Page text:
Food & Agriculture News: 11/10/22

Food & Agriculture News: 11/10/22

Turn Your Backyard Into a Snack Yard With Edible Landscapes - Modern Farmer

Hey, it’s Daniel and Sarah! The founders of Thyme to Party, one of whom happens to play guitar in the Farmers Jam Band and the other of which is our biggest fan. They got a great write up from our friends at Modern Farmer about their work in Atlanta, as well as a few other folks across the country, making our world more beautiful and edible. 

We should eat more plants. Here’s which ones are best for the planet. - Washington Post 

In contrast to the article below, this is a much more likely solution to climate change! Plants are cheaper and healthier than meat – taste is hard to compare really, it’s more like apples and oranges. But anyway, a good guide to what plants are best for the environment (hint: it’s beans and legumes). 

I do have to say though, author Tamar Haspel has a weird thing against greens. I get her point about calories here but I also think there are so many ways to grow greens – greenhouses, fields, in a window, under hydroponic lights – that it’s silly to dismiss them so readily. I’ve seen Tamar do this in several articles and it always strikes me as bizarre. We should grow as many greens and herbs as close to the consumption point as possible. Delicious and nutritious.

Has Fake Meat Already Peaked? - New Republic 

Usually I’d flag this for asking a yes or no question in the headline. The answer is almost always no – otherwise, they’d go with a more definitive headline like Fake Meat Is Already Dead (which is both more assertive and ironic). 

I think the reason for the question is that, despite massive losses and planned layoffs at fake meat companies, it’s hard to determine whether that’s the business or the economy in general. Based on these metrics, you’d have to also say Twitter Is Dead as well. So, the jury’s out on whether fake meat is dead.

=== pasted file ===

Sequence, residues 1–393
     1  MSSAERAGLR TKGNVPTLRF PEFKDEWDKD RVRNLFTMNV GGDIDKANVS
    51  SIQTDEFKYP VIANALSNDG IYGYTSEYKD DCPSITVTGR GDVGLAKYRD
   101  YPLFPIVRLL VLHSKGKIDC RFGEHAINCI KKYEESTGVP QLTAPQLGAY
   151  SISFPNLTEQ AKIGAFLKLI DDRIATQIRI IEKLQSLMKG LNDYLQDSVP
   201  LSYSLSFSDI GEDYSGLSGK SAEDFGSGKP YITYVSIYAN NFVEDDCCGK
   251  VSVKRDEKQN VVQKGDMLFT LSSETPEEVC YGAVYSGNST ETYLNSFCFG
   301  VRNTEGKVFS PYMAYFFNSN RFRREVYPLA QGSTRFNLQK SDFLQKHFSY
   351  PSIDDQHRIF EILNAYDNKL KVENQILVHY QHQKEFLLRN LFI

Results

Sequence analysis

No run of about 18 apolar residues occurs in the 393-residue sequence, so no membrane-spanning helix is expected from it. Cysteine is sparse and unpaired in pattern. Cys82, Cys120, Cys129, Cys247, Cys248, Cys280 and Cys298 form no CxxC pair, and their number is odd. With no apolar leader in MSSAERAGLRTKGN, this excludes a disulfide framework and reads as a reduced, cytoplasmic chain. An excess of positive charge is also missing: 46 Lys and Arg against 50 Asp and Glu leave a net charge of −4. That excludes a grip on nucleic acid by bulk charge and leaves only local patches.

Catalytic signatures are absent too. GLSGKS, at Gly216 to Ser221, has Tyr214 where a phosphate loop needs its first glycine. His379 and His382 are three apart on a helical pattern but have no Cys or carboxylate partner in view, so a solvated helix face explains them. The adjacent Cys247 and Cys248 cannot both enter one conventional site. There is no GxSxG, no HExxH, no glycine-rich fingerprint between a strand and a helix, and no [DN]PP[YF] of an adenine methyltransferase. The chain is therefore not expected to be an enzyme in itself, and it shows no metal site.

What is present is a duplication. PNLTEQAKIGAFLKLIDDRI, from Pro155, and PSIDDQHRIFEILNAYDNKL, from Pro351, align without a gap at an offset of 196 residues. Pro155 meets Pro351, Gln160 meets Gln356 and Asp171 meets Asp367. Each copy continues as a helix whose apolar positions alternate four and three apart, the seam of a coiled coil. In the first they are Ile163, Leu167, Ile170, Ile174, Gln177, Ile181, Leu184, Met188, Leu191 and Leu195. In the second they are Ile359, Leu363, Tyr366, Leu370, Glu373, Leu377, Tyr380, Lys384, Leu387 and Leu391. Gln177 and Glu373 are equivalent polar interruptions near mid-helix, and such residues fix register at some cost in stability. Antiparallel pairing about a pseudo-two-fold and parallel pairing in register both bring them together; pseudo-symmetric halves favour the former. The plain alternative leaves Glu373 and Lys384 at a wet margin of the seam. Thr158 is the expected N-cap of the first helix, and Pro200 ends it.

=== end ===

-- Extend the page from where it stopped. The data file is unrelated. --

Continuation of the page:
However, the article does make a solid case for why the hype behind fake meat has largely played out. Fake meat has not converted many meat eaters, so the industrial or environmental benefits are little to none. If the largest segment of their market is vegans or vegetarians who want a cheat meal every now and then… well, that’s just not a big enough market to justify billions of dollars in investment. In general, that is money that would be much better spent elsewhere in the food system.

Overall, it reminds me that discussions about “the environment” are really hard for people to digest (pun intended). At the end of the day, the best way of converting people is how it benefits them immediately – is it cheaper? Is it healthier? Is it tastier? With fake meat, the answer for most of these is no (although proponents argue it will be cheaper at scale). That’s a tough sell. 

Big food companies commit to 'regenerative agriculture' but skepticism remains - NPR 

Count me among the skeptics for a couple of reasons. For starters, how are we defining “regenerative” here? If it’s just using cover crops, well, that’s probably not going to get us there. Don’t get me wrong, it’s a nice thing to do, but I’m not convinced it’s a game-changer if that’s the only step. 

Second, Pepsi, for one, wants to convert its entire supply to regenerative agriculture by 2030, but they’re only 5% of the way there. 2030 is 7 years away! Maybe they’ve set an extremely aggressive goal to push themselves. Maybe they’re looking for PR points. Maybe it’s a bit of both. The point is, I’m hopeful but skeptical. 

I did appreciate this quote though… and this sentiment, more than anything, is what’s going to make the difference. 

"The commodity system tells [farmers]: Yield at all costs," says Sarah Carlson with Practical Farmers of Iowa. "And yield at all costs means that Mother Nature then pays. Climate change is her telling us: No more."

Chick-fil-A operator introduces 3-day workweek resulting in 100% employee retention - ABC 7

You’ve heard about the four day workweek, but this Chick-fil-A in Miami is doing one better. What isn’t clear from the article is how pay was impacted. I assume that most of these employees are paid hourly – so are they simply paid less? Do they make more per hour now? It’s a bit hard to draw any conclusions without those details.

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